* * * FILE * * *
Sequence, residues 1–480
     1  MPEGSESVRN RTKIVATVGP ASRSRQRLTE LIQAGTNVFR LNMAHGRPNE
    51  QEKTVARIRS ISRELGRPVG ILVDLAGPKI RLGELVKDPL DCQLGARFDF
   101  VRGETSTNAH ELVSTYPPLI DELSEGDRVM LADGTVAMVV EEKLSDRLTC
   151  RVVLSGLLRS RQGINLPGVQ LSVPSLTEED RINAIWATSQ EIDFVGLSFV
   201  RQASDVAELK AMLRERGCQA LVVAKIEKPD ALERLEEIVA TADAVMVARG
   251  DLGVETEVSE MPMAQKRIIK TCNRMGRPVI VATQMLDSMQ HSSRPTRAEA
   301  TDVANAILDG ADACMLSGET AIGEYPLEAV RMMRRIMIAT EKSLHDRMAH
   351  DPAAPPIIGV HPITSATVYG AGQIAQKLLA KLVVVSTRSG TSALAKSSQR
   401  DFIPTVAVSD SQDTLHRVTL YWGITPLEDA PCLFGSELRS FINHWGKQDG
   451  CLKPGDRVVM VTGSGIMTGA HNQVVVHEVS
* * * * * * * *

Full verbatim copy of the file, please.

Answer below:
Sequence, residues 1–480
     1  MPEGSESVRN RTKIVATVGP ASRSRQRLTE LIQAGTNVFR LNMAHGRPNE
    51  QEKTVARIRS ISRELGRPVG ILVDLAGPKI RLGELVKDPL DCQLGARFDF
   101  VRGETSTNAH ELVSTYPPLI DELSEGDRVM LADGTVAMVV EEKLSDRLTC
   151  RVVLSGLLRS RQGINLPGVQ LSVPSLTEED RINAIWATSQ EIDFVGLSFV
   201  RQASDVAELK AMLRERGCQA LVVAKIEKPD ALERLEEIVA TADAVMVARG
   251  DLGVETEVSE MPMAQKRIIK TCNRMGRPVI VATQMLDSMQ HSSRPTRAEA
   301  TDVANAILDG ADACMLSGET AIGEYPLEAV RMMRRIMIAT EKSLHDRMAH
   351  DPAAPPIIGV HPITSATVYG AGQIAQKLLA KLVVVSTRSG TSALAKSSQR
   401  DFIPTVAVSD SQDTLHRVTL YWGITPLEDA PCLFGSELRS FINHWGKQDG
   451  CLKPGDRVVM VTGSGIMTGA HNQVVVHEVS